I Met Job at the Penitentiary
Let’s call him Joe. I saw him dressed in sackcloth, his head shaved, sitting on a pile of rubble and ashes. His skin was afflicted with loathsome sores. Metaphors, of course. Joe is an intelligent man, gifted with a subtle understanding of people and events, and a delightful sense of humor,which hides his suffering—momentarily, at least—because once he begins telling his life story, suffering is all we can hear.
His parents didn’t succeed in beating him to death, so they dropped him off at a convent door. Having been dragged from one host family to another (eleven, all told), he calls himself a fed-ex parcel.
The young woman accusing him has retracted her statement and recognized her lies, but the inquiry is underway, and the justice system never retraces its steps. Joe’s been waiting for some decision, any decision, for two years now at the men’s penitentiary, where he feels dispossessed of his life. He weeps when he tells me about about his parents, too thoroughly imbibed to have been conscious of their acts, then the ruin, due to flooding, of the little home he’d managed to build for himself (water up to the windows). A ravaged childhood, a false accusation : that wasn’t enough ? Did he have to lose his house as well ? He weeps when he tells me about his suicide attempts. Joe weeps because someone saved him.
There’s only one thing I can offer him : a listening ear, so that he can set down his burdens for a time, can feel respected, understood, less alone. I haven’t got the right words. I don’t even know what sort of prayer to suggest. I feel I’ve just got to be there, mute in the face of so many mishaps that appear to have struck a poor man and keep hounding him. Even if he’s guilty of the act for which he’s been sent up, there, in our depths, where the divine Image resides, are we not all innocent ? I think of the crooks, the con men, the truly libidinous offenders who are free to walk the streets, because they can afford the cleverest lawyers .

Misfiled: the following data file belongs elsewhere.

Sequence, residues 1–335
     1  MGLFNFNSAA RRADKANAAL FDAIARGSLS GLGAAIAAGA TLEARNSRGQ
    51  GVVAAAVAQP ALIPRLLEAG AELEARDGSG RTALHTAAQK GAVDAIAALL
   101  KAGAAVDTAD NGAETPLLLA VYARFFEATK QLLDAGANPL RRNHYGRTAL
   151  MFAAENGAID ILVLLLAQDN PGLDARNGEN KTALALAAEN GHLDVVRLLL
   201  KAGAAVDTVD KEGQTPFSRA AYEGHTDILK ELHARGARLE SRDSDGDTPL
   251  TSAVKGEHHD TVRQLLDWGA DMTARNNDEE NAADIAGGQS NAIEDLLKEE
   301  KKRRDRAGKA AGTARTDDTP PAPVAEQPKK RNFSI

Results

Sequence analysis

At home, my husband tells me I look downcast.
In fact, I’m thinking of the ineffable blessing I received when I was born : parents who welcomed and loved me.ppelons-le « Joseph ». Je l’ai vu en sac de deuil, la tête couverte de cendres, sur son tas d’ordures, des croûtes plein la peau. Métaphores, évidemment. Joseph est un homme fin, doté d’une compréhension subtile des personnes et des choses, d’un sens délicieux de l’humour derrière lequel il cache sa souffrance—rien qu’un temps—car lorsqu’il entre dans le récit de sa vie, on n’entend plus qu’elle.